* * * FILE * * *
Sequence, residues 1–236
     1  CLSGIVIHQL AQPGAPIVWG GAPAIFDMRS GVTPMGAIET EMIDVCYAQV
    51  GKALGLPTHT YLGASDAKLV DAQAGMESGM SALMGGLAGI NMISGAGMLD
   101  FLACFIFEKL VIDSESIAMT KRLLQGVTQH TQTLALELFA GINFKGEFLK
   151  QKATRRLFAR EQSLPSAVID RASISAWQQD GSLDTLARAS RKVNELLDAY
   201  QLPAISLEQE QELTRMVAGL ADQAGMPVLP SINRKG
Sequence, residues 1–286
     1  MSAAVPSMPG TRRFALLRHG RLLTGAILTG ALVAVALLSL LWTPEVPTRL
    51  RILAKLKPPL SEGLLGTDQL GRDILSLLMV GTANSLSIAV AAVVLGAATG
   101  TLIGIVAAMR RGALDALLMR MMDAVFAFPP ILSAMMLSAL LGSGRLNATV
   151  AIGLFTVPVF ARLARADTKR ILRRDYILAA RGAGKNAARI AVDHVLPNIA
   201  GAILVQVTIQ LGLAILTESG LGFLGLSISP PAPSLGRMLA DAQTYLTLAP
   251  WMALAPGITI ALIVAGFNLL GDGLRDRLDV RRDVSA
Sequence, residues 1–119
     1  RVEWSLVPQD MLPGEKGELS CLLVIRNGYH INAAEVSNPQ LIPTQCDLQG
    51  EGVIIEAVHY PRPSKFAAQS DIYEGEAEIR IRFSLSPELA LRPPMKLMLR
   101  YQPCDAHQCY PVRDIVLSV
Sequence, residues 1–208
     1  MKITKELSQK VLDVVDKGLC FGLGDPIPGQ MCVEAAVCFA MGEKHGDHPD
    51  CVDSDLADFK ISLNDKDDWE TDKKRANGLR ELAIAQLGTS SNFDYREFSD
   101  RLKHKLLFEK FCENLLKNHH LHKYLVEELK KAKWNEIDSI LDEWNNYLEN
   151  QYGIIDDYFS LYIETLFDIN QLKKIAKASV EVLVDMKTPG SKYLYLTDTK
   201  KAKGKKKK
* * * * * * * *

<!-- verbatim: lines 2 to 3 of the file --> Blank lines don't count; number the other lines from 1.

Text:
     1  CLSGIVIHQL AQPGAPIVWG GAPAIFDMRS GVTPMGAIET EMIDVCYAQV
    51  GKALGLPTHT YLGASDAKLV DAQAGMESGM SALMGGLAGI NMISGAGMLD